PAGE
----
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Just 27 Miles to Inspiration…

December 2014

Where has my drive gone? When did I get so cranky? Maybe this fantastic run is over and it’s time to embrace chubby. Maybe I just don’t have the desire to put my time in on the trainer anymore… Dammit. Maybe I should take a winter off and try to get it back come spring time…

It’s just past noon, yesterday. The sun is shining, a bit windy but it’s 44 magical degrees outside. My Venge and Mrs. Bgddy’s Alias are pumped, and ready to go. We’re both still feeling a bit under the weather but I’m starting to feel better.

We decide we’re going to ride up to the shop, our 16 mile loop but two miles in my Mrs. Wonderful asks if we can cut it short and just head directly to the shop and back home… I’m more than okay with this because when we get back, I’d planned from the start on doing that 16’er again. Three miles from the shop and my wife finds her stride, hitting 22 mph. I say to the wind, but quiet enough that she can’t hear, “ni-i-i-ice”. We spend some time and a little bit of money at the shop and head home.

I see my wife into the driveway, run into the house to use the restroom and head straight back out… I hit my stride in the first thirty seconds. 18 mph, 19, 21, 22. I’ve got a breeze at my back and from the left and I feel good. The next mile is into a crosswind but I maintain 19-1/2 pretty easy. Then north and the low 20’s again. A mile later, through a stop sign and I’m in the mid 20’s feeling good. Another left and I’m into the crosswind again. Then one south and another west. Now I can feel my energy start to drain… “Damn cold”, I think to myself. A mile north and uphill and I’m breathing heavy again. I tell the melon committee that we’re going to be pushing it till we get to the home stretch so they better suck it up. Then west for three miles with a nice cross tailwind. After a short 1/4 mile-long hill, I’m back on the gas and between 23 & 24 mph. Through town and I’m running low on gas, I should have eaten something more than just a bowl of cereal at breakfast-time.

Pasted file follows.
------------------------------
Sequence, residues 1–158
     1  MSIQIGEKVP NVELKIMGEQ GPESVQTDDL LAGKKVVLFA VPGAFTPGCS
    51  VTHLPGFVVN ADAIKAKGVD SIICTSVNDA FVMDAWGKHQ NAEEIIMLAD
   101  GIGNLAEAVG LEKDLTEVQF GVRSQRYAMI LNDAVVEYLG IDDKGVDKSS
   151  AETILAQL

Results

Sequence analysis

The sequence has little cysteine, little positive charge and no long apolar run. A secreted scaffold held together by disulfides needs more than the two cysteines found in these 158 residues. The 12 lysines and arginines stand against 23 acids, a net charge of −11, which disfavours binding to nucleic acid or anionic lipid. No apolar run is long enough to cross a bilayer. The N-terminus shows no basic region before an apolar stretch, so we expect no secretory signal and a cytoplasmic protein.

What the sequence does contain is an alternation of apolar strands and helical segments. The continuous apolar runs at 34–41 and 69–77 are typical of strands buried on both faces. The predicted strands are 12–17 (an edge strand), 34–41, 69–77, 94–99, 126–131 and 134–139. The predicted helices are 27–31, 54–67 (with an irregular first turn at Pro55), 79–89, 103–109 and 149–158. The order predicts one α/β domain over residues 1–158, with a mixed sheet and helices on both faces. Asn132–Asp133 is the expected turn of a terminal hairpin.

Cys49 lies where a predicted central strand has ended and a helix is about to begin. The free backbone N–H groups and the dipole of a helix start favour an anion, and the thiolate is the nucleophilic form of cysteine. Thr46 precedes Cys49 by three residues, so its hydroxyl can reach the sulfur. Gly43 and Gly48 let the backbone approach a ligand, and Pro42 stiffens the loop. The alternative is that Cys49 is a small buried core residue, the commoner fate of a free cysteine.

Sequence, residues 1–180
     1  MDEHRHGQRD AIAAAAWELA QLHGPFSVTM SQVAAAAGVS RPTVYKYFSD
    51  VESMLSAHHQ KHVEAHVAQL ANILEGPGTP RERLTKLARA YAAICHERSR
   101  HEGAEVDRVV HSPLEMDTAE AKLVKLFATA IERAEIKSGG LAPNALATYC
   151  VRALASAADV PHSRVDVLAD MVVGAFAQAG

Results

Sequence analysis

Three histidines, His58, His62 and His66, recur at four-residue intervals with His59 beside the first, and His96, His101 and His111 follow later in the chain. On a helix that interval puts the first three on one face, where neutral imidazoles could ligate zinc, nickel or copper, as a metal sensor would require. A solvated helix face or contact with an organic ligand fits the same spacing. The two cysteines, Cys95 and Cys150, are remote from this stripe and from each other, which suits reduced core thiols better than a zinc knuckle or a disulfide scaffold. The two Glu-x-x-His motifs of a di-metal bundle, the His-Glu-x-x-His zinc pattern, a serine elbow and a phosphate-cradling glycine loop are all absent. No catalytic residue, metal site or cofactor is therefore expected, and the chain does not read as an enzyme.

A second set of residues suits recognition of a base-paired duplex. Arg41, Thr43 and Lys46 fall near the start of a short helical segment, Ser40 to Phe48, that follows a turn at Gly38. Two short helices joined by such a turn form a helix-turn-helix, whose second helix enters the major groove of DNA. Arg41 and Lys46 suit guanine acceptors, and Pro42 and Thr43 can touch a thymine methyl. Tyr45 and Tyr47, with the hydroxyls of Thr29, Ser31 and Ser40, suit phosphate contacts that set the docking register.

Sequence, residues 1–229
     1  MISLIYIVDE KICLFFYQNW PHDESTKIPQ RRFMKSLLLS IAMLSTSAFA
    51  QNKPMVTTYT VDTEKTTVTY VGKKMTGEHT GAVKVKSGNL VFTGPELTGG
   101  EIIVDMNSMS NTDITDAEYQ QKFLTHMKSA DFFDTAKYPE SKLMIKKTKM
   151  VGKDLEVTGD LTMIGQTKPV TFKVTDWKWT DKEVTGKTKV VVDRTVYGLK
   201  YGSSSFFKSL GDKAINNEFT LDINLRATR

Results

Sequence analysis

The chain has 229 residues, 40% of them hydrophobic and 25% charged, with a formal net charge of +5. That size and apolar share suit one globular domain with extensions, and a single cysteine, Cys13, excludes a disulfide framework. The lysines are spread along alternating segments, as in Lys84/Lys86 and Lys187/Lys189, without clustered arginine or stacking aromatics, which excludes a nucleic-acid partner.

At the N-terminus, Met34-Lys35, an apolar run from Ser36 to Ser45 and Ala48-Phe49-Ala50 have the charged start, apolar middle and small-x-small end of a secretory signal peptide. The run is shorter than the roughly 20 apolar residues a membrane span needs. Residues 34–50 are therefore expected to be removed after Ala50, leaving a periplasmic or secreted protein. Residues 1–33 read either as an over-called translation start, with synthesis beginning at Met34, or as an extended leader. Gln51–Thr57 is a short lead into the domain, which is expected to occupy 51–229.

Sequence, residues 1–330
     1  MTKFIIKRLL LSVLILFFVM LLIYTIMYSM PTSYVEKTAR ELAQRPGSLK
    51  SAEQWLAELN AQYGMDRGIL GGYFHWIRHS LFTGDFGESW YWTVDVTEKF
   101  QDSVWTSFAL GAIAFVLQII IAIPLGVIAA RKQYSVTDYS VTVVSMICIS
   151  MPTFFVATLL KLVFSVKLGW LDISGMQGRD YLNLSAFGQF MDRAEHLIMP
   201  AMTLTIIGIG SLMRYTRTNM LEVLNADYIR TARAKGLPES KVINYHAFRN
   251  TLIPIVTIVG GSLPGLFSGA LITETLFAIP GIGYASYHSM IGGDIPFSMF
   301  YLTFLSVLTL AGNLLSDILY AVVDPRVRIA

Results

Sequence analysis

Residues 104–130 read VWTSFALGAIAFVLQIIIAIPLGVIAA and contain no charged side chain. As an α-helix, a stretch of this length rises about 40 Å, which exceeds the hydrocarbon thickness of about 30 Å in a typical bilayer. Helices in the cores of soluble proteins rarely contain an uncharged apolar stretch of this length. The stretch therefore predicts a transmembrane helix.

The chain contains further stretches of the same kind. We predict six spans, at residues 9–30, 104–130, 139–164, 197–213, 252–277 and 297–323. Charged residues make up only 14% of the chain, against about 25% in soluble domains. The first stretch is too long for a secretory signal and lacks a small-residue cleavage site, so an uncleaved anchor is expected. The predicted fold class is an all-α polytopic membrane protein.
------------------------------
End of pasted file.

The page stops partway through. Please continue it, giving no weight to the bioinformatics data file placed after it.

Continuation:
I hit the final stretch and dial it back to 17-18, spinning easy and enjoying the sunshine. Less than three miles from home and I see my friend, Mike coming toward me. I haven’t seen him since the last Tuesday afternoon in October… He turned around and we caught up over the course of a very slow mile, after which he turned and headed back into town and I continued home.

I have absolutely no idea how long that 16 miles took, probably between 50 and 51 minutes, but that really wasn’t what I was thinking about when I walked in the door… I was thinking about how nice it was to ride with my wife for eleven miles before kicking my ass for another thirteen. I was thinking about how good that last three was. I was thinking about how much I love cycling and my bike, and my wife and my kids and my job and house and my hometown. I was thinking positively again.

It only took 27 miles to get me turned back around. Man, I needed that – all of a sudden I love everything more. Best money I ever spent, on those bikes.


Also important, I want to be fast. I must be fast – and to do that I can’t get to a point where I lose the “s” in “fast”.


  1. Kecia says:

    Have you tried doing something different on the trainer…group trainer ride, Sufferfest videos, setting your wife up in front of you so you can chase her???? Just some ideas to mix it up 😉

  2. EpicGran says:

    I admire you guys that keep training through the winter in that cold. In my hometown it very rarely gets below 48 so we have very mild winters. Good job – keep on trucking.

  3. Dra Martha Castro Médico WMA says:

    Reblogged this on DR. MARTHA ANDREA CASTRO NORIEGA, MD, UEBD, CMT and commented:
    A cyclist who wants to be fast, who is, already, fast, but wants to be faster, faster…Reminds me of one of my favorite movies: John Livingston Seagull.

  4. Funny how the motivation comes back once the bicycle is under you and you are riding with the people you love!

  5. Another thing I do, every now and again, Jim, is pack up my bike and ride a few miles in a new area and get “lost.” The new scenery helped fill my sails. Everyone gets bogged in the winter. You and your lady try somewhere new.

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